Are you chasing balance?

August 9, 2019

It’s easy to assume most people want more balance in their lives.  In a Branded Research poll in 2018, participants were asked “is work-life balance important to you” and were given five answers to choose from.  Below are the results of this poll. 

 

  • Yes, work-life balance means more time for family (57% respondents)

  • Yes, work-life balance means time for self-care (17% respondents)

  • Yes, work-life balance means time to stay healthy (13% respondents)

  • Yes, work-life balance means time for hobbies (8% respondents)

  • No, I prioritize work (4% respondents)

 

What this poll doesn’t measure, however, is what does balance mean?  What does it mean to have a balanced life?  What would it look like?  Feel like?

 

When my life isn’t in balance, it feels chaotic and frustrating.  I feel frazzled, like I’m barely keeping all of the plates spinning (some may even be dropping).  It’s easy for me to describe to you what it’s like when my life isn’t in balance.  It’s harder to describe what it feels like when it is in balance.  The absence of the feelings associated with imbalance?  Things flow? 

 

I think it’s so challenging because balance isn’t static.  Even when you balance on one foot, there is motion in your ankle and maybe in your arms.  Balancing well on one foot doesn’t mean your ankle, eyes and ears aren’t working hard to keep you that way.  What happens when we achieve balance in our lives?  It doesn’t take much to knock us off balance again. 

 

Another challenge with maintaining balance is the overcorrection or counterbalance that’s necessary to maintain overall balance.  If it’s 80 degrees in your house, and you set the thermostat to 70, the AC doesn’t kick out 70-degree air until the house is 70 degrees.  It kicks out much cooler air to mix with hot air, which balances to achieve the desired 70 degrees.  The same is true to balance blood sugar or hormones.  The same should be true in our lives.  If we spend more time and energy focusing on work, it needs to be “balanced out” with more time with family.  If we spend more time or energy focusing on others, it needs to be “balanced out” with more time for ourselves. 

 

In our lives, it can feel like we are spending so much time on one end and not enough time on the other.  When we try to achieve balance, we do so by inching towards the center and ignore that an overcorrection is often necessary before we can return to balance. 

 

 

 

Instead of keeping my life in perfect balance, I’m trying to think of ebbs and flows like the tide.  Over the course of the tide, it should all average out.  There are times when work will demand more of me, times when family demands more of me, times when my needs demand more of me.  And that’s okay.  The scales shouldn’t be perpetually tipped in one direction at the expense of all others.  There shouldn’t be an area that’s neglected.  There should, however, be an understanding that your needs and priorities shift.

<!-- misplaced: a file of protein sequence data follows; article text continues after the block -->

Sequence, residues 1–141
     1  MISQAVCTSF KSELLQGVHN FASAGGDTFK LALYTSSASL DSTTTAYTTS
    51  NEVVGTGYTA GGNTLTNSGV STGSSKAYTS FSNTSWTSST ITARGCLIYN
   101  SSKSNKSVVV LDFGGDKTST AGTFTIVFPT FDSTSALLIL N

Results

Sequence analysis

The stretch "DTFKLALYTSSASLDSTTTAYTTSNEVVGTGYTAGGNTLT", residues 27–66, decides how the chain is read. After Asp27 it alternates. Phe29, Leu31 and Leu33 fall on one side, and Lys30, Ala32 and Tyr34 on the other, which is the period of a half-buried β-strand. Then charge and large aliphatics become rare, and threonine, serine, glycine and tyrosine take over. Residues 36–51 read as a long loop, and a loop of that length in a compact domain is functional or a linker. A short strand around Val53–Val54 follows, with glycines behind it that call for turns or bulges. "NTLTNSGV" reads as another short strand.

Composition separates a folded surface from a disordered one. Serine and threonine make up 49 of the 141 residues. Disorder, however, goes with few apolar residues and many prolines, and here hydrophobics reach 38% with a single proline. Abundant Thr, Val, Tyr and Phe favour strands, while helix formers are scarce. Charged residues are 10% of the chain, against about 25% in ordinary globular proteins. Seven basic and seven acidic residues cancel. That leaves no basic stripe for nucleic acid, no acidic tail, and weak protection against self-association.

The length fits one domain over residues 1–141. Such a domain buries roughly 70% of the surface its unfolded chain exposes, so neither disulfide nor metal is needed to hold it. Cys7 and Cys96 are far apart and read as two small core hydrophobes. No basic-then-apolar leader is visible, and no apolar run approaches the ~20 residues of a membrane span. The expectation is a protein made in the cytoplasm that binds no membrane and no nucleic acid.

I don’t want to keep perfect balance and be impervious to outside influences.  That’s not life.  I want to ride the waves, to know things will ebb and flow, and to know I can get back up if I fall. 

 

To get better at balancing, or riding the waves, there are things you can do.  First, get clear on what you want.  Paint a picture for yourself of what this balance would actually look like and feel like for you.  Does it mean more time in a particular area of your life?  Does it mean setting boundaries and protecting yourself?  Once you get this picture in your mind, you need to check and see if it’s realistic.  It’s not realistic to give 100% to all areas of your life 100% of the time.  It’s not realistic to expect you will handle every moment, every change, every hassle, with grace and ease, 100% of the time.  If your mental image isn’t realistic, you need to change it until it is. 

 

Second, if you’re shooting for balance, balance how you spend your energy.  The things in your life that demand energy from you should be balanced with things that draw energy back in.  For example, helping kids with their homework or sitting in meetings may be very draining.  These things should be balanced with things like self-care, play, and invigorating projects.  Additionally, any one domain of your life should have a balance of demanding and rejuvenating.  For example, there should be exciting and energizing aspects of your work, not just demanding and draining aspects.  Aim to balance the energy you invest in demanding and draining tasks with the energy you regain from exciting and invigorating tasks. 

 

Finally, understand it’s not a destination; it’s a constantly moving target.  This is the most elusive part about “achieving balance.”  Your life changes, your needs change, the demands you face change.  If you think about balance as a destination, you aren’t going to spend much time there, but you will spend A LOT of time chasing it.  You may feel you’re getting close, but as a moving target, you’re not as close as you think.  Riding the waves of your life, establishing a rhythm with the ebbs and flows of needs and demands, however, is achievable. 

 

 

References

 

Jacob, C. (2019, June 08). Why Is Work Life Balance so Important in Today's World? Retrieved from https://upjourney.com/why-is-work-life-balance-important

 

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